Investment in athletics or team sports comes with increased social connections and coping methods which can reinforce and positively impact personal identity with regards to self-esteem and confidence. When athletes experience physical injuries, it can often be extremely devastating on their mental health due to a loss of the aforementioned factors. So with that in mind, it is important to consider the effects that physical injuries have on athletes beyond what can be seen with the naked eye. Physical recovery is widely accepted and often emphasized for athletes, but there needs to be more emphasis on psychological recovery as well. According to the National Collegiate Athletic Association (NCAA) there are a couple things that can be done. A good step in the right direction can be creating a good support network for an injured athlete including teammates, coaches, athletic trainers and physicians2. As a coach or athletic trainer, it is important to understand and recognize common signs for mental health issues2. Both teammates and coaches can support injured athletes by helping them remain involved with the team2. Even something as simple as “giving an athlete permission” to seek treatment can be significant for athletes who may try and push through their injury or are experiencing feelings of guilt2. If stigma surrounding physical injuries can be mitigated and further psychological support offered for injured athletes, athletes’ recovery time would ideally be minimized for more effective and efficient return to play. After all, the ultimate goal is to get athletes back on the field at 100% while mitigating both the negative physical and psychological impacts of injury. 

  1. Why Athletic Identity Is an Issue –[][]
  2. Mind, Body and Sport: how being injured affects mental health –[][][][][][]
  3. Athletic Identity, Psychological Flexibility and Motivation for Return to Sport in Injured NCAA Athletes –[][][]
  4. The Impact of Psychological Stress on Wound Healing: Methods and Mechanisms –[]
  5. Factors Associated with Psychological Readiness to Return to Sport After Anterior Cruciate Ligament Reconstruction Surgery –[][][]
  6. Physical Activity in Former Competitive Athletes: The Physical and Psychological Impact of Musculoskeletal Injury –[]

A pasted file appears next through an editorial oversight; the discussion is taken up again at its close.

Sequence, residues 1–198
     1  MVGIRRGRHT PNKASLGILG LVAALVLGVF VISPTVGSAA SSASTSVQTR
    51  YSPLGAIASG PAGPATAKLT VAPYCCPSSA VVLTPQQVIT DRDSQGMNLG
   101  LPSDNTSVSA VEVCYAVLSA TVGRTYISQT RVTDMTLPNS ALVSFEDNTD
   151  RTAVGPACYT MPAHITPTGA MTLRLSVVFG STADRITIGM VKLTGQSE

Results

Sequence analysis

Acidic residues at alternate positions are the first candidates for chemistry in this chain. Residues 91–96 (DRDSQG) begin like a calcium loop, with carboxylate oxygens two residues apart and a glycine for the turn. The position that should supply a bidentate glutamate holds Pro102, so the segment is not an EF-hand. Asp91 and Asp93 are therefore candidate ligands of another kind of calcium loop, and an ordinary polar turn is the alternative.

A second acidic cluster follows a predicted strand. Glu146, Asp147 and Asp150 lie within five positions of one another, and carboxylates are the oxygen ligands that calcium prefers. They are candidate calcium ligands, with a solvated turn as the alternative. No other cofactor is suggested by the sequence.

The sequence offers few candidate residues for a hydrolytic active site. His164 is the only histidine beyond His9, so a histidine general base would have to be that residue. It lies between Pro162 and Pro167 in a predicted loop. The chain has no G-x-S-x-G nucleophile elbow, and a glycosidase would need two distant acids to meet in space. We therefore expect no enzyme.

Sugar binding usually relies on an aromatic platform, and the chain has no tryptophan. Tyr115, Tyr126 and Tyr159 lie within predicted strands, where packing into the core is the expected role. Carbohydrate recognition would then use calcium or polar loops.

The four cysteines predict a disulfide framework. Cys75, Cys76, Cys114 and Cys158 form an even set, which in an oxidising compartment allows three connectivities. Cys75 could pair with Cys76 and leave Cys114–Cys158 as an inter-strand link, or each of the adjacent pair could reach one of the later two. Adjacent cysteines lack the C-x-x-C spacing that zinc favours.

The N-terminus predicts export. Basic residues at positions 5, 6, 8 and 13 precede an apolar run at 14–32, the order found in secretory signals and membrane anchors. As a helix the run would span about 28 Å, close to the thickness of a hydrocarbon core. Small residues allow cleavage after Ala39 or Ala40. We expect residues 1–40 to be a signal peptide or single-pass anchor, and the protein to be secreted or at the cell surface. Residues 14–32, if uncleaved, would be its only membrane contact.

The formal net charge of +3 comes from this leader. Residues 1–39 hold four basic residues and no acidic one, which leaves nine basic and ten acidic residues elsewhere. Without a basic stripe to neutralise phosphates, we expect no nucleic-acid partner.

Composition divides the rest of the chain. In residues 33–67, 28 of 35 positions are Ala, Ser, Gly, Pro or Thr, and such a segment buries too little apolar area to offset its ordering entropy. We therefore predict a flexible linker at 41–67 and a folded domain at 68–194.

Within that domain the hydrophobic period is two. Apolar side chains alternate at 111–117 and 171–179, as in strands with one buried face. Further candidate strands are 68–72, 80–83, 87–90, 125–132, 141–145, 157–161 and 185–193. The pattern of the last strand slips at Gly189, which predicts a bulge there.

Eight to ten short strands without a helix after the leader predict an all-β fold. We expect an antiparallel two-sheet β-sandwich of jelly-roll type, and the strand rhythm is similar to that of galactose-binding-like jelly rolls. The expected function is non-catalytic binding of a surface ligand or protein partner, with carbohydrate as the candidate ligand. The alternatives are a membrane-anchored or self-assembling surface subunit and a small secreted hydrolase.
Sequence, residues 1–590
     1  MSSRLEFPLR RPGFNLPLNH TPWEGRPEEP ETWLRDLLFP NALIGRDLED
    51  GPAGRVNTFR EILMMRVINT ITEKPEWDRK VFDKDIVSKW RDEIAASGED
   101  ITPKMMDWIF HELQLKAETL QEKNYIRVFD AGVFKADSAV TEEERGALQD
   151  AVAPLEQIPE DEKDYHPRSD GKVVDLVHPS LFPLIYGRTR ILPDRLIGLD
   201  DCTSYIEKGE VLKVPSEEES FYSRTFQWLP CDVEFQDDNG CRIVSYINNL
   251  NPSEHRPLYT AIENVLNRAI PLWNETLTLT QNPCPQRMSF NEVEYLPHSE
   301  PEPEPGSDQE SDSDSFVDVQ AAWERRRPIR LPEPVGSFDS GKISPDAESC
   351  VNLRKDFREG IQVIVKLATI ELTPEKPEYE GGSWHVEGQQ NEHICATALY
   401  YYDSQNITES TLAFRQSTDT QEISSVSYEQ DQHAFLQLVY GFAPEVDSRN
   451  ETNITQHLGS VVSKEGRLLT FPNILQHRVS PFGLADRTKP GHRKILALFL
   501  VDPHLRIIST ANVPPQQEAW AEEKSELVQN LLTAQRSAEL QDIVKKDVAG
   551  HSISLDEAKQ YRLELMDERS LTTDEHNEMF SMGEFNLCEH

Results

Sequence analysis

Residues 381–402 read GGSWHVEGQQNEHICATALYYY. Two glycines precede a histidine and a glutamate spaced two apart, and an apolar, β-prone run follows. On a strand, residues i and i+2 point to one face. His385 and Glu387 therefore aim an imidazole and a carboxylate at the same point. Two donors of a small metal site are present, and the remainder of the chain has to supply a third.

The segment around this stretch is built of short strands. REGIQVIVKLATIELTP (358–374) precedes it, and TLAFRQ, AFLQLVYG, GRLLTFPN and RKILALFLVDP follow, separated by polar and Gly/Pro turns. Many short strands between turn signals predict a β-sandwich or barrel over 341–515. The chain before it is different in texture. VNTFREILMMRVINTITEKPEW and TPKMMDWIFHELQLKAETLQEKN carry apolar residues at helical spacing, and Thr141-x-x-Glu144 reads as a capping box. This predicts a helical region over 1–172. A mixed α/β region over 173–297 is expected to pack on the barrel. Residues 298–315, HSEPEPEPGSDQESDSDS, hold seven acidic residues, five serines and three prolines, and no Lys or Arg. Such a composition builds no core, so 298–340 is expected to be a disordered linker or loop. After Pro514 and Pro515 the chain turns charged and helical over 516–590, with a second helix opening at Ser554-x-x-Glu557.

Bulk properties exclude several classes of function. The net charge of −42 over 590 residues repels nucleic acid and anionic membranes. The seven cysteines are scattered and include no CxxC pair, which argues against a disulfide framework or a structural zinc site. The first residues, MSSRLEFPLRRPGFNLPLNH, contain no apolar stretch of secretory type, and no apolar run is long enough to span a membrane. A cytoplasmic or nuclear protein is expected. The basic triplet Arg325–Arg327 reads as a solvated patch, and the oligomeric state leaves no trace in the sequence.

7. Effectiveness of psychological intervention following sport injury –[]


I relate to the study regarding the tearing of an ACL. I found it very difficult to return to downhill skiing after that same injury. Although I am not a professional athlete, I do hope that both amateur and professional athletes will begin to benefit from the increased awareness of psychological affects from injury as our society studies and understands more and more the effects of that aspect of injury.

I completely agree with your point Colette. I hope that by sharing experiences and spreading awareness regarding this topic, we can provide further support to those individuals who are experiencing injury.

Thank you for taking the time to write out this article, I am not active in competitive sports anymore but I think back to all my time playing these sports where I played through pain. Not only because it was the norm, but I missed playing so much and I felt taking time would let my team mates down.

Hi Fred, thank you for taking the time to read my article and for sharing your experience. I myself have experienced similar feelings when I am injured. Although you are not playing competitive sports anymore I hope that you have found other passions, whether that be in sports or anything else!

Your article is very poignant in today’s society, especially when we are reading about studies and concerns over the numerous incidents of concussions in sport. For years this injury has been downplayed and ignored and I’m sure athletes have persevered with unfortunate outcomes later in life. Stigma around the psychological recovery and the ignoring of what an athlete goes through that is internal or unseen is starting to change with articles like yours that begin to shine a light on how things can and should change.